Today is National Mail Order Catalog Day, Ice Cream Pie Day and my personal favorite, Fajita Day. Although I will admit, I have a soft spot in my heart for Mail Order Catalogs. I can remember the Sears Christmas Catalog – as thick as a phone book and packed with all sort of childhood fantasies. Page after page, it was enough to put Santa’s Workshop to shame.
As a young girl, Mail Order Catalogs were also a source of paper dolls. My cousins and I would clip from the fashion pages for the people, and from the house ware pages for things like a dream kitchen or dining room table. We even decorated shoe boxes with chippings, stacking them together to create our dream “mansions”. Oh the good old days when imagination powered playtime.
However; you cannot eat the pictures of food in catalogs and magazines no matter how delicious they may look. But you can make these delicious Fajitas in a single pan and celebrate a day set aside just for this awesome dish.
When we think Fajitas, so often we think chicken or steak. Yet one of the best and most often overlooked Fajita fillers has got to be succulent shrimp. What can I say but yum!
Sheet Pan Shrimp Fajitas
1-1/2 lbs Large Shrimp
1 Yellow Bell Pepper
1 Red Bell Pepper
1 Orange Bell Pepper
1 small Red Onion
1-1/2 tablespoons Olive Oil
2 teaspoon New Mexican Hot Chili Powder
1/2 teaspoon Roasted Garlic Powder
1/2 teaspoon Onion Powder
1/2 teaspoon Ground Cumin
1/2 teaspoon Smoked Paprika
Pinch Kosher Salt or to taste
Fresh Ground Black Pepper to taste
6 Fajita Size Flour Tortillas
Fresh Cilantro for garnish
Rinse, peel and devein the shrimp. Keep chilled until ready to cook. Stem, core and slice the bell peppers into long thin strips. Set aside. Peel onion, trim ends and slice into long, thin slivers. Set aside.
Heat oven to 450 degrees. Coat a large rimmed baking sheet with cooking spray, set aside.
In a large bowl, combine onion slivers, bell peppers, shrimp and olive oil. Toss to coat with oil to help spices cling better.
In a small bowl, whisk together salt, pepper, Chili Powder, Garlic Powder, Onion Powder, Cumin and Smoked Paprika. Sprinkle over the shrimp mixture. Season with salt and pepper, toss to coat.
Spread shrimp mixture out in a single layer on the prepared baking sheet, leaving room for the tortillas in one corner. Set pan aside.
Lightly spray tortillas with cooking spray. Place tortillas on a large sheet of foil and wrap tightly. Place the wrapped tortillas on the sheet pan with the shrimp mixture, place in the heated oven. Cook for about 8 to 10 minutes.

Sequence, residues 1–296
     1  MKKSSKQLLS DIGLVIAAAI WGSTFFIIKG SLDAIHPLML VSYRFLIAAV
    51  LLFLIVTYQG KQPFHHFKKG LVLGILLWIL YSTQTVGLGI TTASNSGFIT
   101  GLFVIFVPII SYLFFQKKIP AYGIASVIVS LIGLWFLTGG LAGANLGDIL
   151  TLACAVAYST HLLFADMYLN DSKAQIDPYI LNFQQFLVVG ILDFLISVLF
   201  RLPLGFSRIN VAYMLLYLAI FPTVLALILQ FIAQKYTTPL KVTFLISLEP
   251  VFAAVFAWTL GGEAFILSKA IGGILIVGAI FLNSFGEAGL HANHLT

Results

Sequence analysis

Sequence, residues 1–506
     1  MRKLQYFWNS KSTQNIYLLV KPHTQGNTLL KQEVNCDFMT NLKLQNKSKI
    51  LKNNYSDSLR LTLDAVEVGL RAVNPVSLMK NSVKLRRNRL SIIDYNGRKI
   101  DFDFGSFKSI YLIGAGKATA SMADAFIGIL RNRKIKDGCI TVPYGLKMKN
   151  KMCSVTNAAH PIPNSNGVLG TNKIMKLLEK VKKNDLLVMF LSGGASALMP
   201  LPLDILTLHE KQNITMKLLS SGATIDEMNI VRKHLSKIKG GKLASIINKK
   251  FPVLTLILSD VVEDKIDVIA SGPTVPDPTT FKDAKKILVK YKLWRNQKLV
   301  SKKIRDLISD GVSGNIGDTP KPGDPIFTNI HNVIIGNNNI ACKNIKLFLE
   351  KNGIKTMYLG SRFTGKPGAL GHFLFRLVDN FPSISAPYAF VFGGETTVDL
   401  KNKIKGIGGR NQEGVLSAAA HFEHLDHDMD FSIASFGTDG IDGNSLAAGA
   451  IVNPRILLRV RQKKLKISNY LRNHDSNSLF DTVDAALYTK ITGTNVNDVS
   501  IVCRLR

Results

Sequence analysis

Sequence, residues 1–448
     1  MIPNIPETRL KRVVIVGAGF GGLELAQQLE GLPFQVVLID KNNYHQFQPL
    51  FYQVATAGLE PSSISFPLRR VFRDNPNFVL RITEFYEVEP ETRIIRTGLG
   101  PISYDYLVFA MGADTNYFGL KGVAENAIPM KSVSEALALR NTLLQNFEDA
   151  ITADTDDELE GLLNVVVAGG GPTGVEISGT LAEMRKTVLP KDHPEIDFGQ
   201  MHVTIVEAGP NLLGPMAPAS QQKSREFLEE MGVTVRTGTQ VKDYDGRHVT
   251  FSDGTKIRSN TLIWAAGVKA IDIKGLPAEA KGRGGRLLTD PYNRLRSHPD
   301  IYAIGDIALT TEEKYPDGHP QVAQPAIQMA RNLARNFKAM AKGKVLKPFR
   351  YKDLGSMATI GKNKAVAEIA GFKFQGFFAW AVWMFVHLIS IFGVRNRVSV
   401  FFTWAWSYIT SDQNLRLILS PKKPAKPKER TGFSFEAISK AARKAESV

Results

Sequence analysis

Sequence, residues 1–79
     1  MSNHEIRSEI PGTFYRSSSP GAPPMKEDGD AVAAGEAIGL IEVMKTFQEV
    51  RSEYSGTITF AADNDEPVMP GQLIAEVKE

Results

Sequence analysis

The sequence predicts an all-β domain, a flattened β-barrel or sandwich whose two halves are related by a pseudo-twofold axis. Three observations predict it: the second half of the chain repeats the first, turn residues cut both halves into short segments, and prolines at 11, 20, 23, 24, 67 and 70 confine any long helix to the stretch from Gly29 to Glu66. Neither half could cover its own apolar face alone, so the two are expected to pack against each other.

While shrimp cooks, chop cilantro for garnish. Cut limes into quarters and set aside.
Remove tortillas from the sheet pan, set aside and keep warm.
Turn oven to broil and cook for additional 2 minutes or until shrimp is cooked through and the peppers beginning to blister.
Squeeze juice from 1 or 2 lime quarters over fajita mixture, tuck remaining lime wedges around the sheet pan. Garnish the shrimp with fresh cilantro. Unwrap tortillas, place on the pan and serve.
Feeling ambitious? How about making your own Hand-Pressed Tortillas? And maybe change things up a bit with Frijoles Negros. Yeah, and let’s not forget those awesome Margaritas!
4 Margarita Glasses
Margarita or Coarse Salt as needed
8 oz Tequila (2 oz per glass)
4 oz Triple Sec (1 oz per glass)
4 oz Lime Juice (1 oz per glass)
Float of Grand Marnier (1 float per glass)
Cut 1 lime into wedges. Set wedges aside. Cut remaining lime into round wheels, set aside. Cut orange into round wheels; set aside.
Rub the rim of 4 margarita glasses with the lime wedges. Dip glasses into the salt to coat the rim. Set aside.
In a cocktail shaker, combine 2 ounces of Tequila with 1 ounce of Triple Sec and 1 ounce of lime juice. Fill shaker with ice. Shake well.
Add ice to one margarita glass. Strain mixed cocktail into the glass. Add a float of Grand Marnier. Garnish with a lime and an orange wheel.
Repeat for each remaining three Margarita.
4 thoughts on “There’s More to Fajitas than Chicken”
You’ve outdone yourself once again, Rosemarie. The Sears catalogue was also the booster seat of choice for visiting little ones–I don’t remember that but was told so by elders–as well as, once done with, a “necessary” for outdoor necessaries.” I remember hearing it referred to as the “wish book.” The invention of mail order made such a huge difference for people in rural areas!
Oh, thanks! You are absolutely right about mail order making a difference – you could even get a Bride mail-order (lol). We would get so excited to receive our Sears Catalog.
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LOVE the vintage catalogs! Great recipe too, I love fajitas, I don’t know why we never make them.
Now that we can’t “dine in” in California, we are eating a lot more restaurant-style meals at home. Fajitas are a great example.